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From Wikipedia, the free encyclopedia

An alpentor (literally "Alpine gateway", plural alpentore) in geology is the point where an entire glacier forced its way through to the Alpine Foreland from the Alps during the ice age.

Alpentore during the Würm glaciation

Murnauer Moos with its alpentor
Murnauer Moos with its alpentor

During the Würm glaciation, where several glaciers from different Alpine valleys met or flowed through narrow passages at the edge of the Alps, ice was piled up. Such bottlenecks had a significant impact on the level of the ice sheet which meant that it eventually flowed over low mountain passes and ridges and the glaciers were combined into a network of ice streams.

Alpentore, through which particularly large masses of ice poured into the surrounding plains, were mainly located at the mouths of large longitudinal valleys such as Inn, Rhine or Salzach valleys. These glaciers penetrated up to 50 kilometres into the lowlands. Even valleys that appear rather insignificant today such as those of the Isar, Loisach and Ammer rivers, were able to produce large tongues of ice when their glaciers were fed by larger ones, such as the Inn Valley Glacier (e.g. via the Fern Pass). By contrast with such large glaciers, quite isolated valleys, such as those of the Iller or the Lech, could only produce much smaller glacial tongues.

A further prerequisite for glaciers extending into the Alpine foreland are high mountains. East of the Salzach, glacier tongues hardly reached the edge of the Alps, because the mountains of the Low Tauern, unlike those of the High Tauern did not produce enough ice. So the alpentore were found mainly in the Bavarian Alpine Foreland. One of the few examples at the southern edge of the Alps was the comparatively small alpentor of today's Tagliamento valley.[1]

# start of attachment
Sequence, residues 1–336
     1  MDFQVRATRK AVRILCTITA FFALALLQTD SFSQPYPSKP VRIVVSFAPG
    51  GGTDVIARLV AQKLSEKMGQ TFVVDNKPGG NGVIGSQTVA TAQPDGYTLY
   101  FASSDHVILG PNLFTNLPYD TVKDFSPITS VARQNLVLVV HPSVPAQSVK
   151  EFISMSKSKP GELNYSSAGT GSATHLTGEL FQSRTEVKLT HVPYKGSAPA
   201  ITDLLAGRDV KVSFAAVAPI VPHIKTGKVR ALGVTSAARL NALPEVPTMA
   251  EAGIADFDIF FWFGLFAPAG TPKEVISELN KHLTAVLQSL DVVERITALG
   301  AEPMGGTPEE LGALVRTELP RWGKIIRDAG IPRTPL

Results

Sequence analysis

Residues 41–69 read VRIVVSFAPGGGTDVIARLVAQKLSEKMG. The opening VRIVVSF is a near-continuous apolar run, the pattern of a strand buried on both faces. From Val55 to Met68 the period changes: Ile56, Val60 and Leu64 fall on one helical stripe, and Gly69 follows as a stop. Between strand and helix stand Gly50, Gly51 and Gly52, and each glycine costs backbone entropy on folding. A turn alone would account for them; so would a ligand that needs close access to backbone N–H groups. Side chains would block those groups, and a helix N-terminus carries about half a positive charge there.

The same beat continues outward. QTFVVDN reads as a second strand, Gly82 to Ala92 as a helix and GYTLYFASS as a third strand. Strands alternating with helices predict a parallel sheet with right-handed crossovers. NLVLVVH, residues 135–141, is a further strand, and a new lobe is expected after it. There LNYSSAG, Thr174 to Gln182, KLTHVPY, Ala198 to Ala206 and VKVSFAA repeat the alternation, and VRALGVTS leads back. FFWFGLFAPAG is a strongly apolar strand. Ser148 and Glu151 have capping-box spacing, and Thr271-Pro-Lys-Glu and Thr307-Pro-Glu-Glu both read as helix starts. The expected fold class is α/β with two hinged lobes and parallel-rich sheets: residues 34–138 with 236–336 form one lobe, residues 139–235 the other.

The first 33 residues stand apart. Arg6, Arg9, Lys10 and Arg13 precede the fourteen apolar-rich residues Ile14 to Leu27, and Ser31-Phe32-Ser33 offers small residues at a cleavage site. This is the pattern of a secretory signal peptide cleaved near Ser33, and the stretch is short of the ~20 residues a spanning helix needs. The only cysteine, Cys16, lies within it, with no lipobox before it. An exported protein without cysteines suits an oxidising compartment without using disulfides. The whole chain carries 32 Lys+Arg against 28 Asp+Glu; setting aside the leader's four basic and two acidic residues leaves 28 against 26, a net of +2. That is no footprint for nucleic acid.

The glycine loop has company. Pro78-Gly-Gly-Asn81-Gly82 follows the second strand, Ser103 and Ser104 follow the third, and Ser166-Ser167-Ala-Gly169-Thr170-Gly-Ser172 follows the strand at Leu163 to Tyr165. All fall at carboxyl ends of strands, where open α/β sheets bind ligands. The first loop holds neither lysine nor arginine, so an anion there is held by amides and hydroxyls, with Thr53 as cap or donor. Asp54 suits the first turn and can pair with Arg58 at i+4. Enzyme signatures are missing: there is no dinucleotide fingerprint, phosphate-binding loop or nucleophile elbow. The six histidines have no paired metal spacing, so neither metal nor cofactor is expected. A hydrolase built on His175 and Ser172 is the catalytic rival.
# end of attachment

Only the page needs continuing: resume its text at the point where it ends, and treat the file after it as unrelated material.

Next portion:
Examples of Inn valley glaciers

The Walchensee
The Walchensee

In the Inn Valley (towards Rosenheim) the Inn Glacier was forced between the Wildbarren and the Kranzhorn at a height of about 1,300 m above sea level (NN). A tributary, the Isar valley glacier flowed south from Bad Tölz between the Blomberg and the Rechelkopf at a height of about 1,000 m into the plains.

At the Walchensee and Kochelsee lakes a tributary of the Inn Glacier pushed through over the Kesselberg at a height of 1,400 m between the Jochberg and the Herzogstand.

The Loisach Glacier, another tributary, flowed between the Wank and the Kramerspitz near Garmisch at a height of about 1,700 m. In present-day Murnau the ice stream reached a height of 1,200 m.[2]


  1. ^ Dirk van Husen (1987), Geologische Bundesanstalt (ed.), "Die Ostalpen in den Eiszeiten", Aus der Geologischen Geschichte Österreichs (in German), Vienna: Verlag d. Geologischen Bundesanstalt, ISBN 3-900312-58-3
  2. ^ Rolf K.F. Meyer; Hermann Schmidt-Kaler (2002), "Auf den Spuren der Eiszeit südlich von München – östlicher Teil", Wanderungen in die Erdgeschichte (in German) (2nd ed.), Munich: Pfeil-Verlag, 8, ISBN 978-3-931516-09-3
This page was last edited on 27 March 2020, at 17:15
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